The game just kept going downhill for the Eagles, inning after inning. In the end, the Patriots won 10-5. And the winners had a big-ass party right on the spot. White-sneakers and his buddies acted like they were drunk. Their women shrieked. Julian shrugged. He was plodding by the backstop heading for the parking lot when he heard White-sneakers catcall him. The fucker actually whistled at Julian. And then called out, “Wimp on home, little girl. Wimp on home, you little snivel-bitch!”
Julian just stopped. And turned. And he went up to the backstop square in front of White-sneaker’s psycho-toothy grin…which kind of looked like Eddie Haskell’s dad looped out on weed and vodka.
“Can I ask you a question?” said Julian placidly, looking White-sneakers straight in the eyes.
“What, titty-fat? What you wanna know?” guffawed White-sneakers, looking round about at all his snickering friends.
“Were you in Vietnam…in the war?” asked Julian in a steady even-tone.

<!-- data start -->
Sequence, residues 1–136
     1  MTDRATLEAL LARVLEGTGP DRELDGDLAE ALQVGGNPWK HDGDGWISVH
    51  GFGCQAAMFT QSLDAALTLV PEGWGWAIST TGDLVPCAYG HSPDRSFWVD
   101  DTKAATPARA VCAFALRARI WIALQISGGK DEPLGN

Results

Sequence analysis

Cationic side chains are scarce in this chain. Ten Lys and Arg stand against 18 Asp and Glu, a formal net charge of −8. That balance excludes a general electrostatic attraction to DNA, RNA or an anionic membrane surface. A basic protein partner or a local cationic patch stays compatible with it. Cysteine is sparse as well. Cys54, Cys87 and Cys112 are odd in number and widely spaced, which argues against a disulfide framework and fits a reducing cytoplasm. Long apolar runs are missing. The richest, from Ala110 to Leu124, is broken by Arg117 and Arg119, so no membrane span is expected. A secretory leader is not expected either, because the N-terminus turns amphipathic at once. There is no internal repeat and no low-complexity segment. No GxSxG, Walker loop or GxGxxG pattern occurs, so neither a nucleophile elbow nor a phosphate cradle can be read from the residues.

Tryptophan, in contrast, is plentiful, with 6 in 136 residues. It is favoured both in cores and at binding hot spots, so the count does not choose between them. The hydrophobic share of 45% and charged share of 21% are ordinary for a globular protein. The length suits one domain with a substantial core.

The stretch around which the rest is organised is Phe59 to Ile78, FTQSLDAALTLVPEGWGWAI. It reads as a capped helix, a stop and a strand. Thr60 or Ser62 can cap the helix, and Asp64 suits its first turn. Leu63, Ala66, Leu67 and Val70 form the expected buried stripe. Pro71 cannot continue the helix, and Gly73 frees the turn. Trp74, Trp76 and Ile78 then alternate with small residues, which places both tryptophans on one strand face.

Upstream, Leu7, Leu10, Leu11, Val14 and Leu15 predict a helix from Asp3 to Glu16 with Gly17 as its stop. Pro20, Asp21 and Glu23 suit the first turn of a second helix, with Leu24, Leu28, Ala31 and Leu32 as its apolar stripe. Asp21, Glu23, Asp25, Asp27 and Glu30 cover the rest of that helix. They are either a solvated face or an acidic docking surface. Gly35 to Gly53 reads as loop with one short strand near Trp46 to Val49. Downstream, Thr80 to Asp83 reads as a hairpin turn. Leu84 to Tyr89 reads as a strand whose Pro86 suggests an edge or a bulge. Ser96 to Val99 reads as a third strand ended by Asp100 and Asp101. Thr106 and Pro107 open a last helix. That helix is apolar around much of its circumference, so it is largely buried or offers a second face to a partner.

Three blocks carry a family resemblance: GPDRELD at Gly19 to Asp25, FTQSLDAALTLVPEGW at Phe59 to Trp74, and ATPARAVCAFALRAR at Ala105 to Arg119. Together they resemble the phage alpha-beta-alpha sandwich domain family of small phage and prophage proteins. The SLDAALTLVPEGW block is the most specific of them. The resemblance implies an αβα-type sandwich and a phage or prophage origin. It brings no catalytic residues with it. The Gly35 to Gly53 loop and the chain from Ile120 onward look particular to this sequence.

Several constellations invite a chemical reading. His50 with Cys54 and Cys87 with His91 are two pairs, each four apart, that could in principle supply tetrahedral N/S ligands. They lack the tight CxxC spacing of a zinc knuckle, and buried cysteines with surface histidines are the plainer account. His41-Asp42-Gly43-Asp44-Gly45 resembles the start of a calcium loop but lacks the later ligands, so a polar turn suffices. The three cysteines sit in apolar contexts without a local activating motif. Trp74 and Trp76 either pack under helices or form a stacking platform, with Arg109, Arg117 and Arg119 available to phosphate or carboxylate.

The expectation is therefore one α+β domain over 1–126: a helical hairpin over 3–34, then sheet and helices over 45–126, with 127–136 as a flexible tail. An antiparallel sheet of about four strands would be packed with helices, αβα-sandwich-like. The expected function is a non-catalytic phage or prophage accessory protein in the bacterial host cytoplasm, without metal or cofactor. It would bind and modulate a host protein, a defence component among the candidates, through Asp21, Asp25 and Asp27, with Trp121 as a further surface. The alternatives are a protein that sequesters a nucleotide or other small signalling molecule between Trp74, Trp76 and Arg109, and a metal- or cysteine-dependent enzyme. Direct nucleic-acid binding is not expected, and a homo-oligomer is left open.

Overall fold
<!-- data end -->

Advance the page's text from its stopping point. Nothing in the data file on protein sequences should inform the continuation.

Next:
White-sneaker’s eyes glared. “THAT’S none of your fuckin’ business, fat ass!” he blew with a finger stab through the chain link.
“Oh,” replied Julian with a pensive nod and protruding lower lip. “So, you weren’t. Okay.”
“WHO THE HELL DO YOU THINK YOU ARE, FAT SHIT? YOU’RE LUCKY THERE’S METAL FENCE BETWEEN US TWO!” It suddenly seemed that White-sneakers was a wee-bit upset.
“Oh, okay,” replied Julian nonchalantly. “I’ll come around.”
White-sneakers was utterly shocked when Julian came around to face him, eye to eye.
“I have another question,” stated Julian, keeping a steady eye.
“NO! YOU CANNOT SUCK MY DICK…I KNOW YOU WANT TO…BUT NO!” erupted White-sneakers in tandem with his buddies’ snickers, hoots, and headshakes.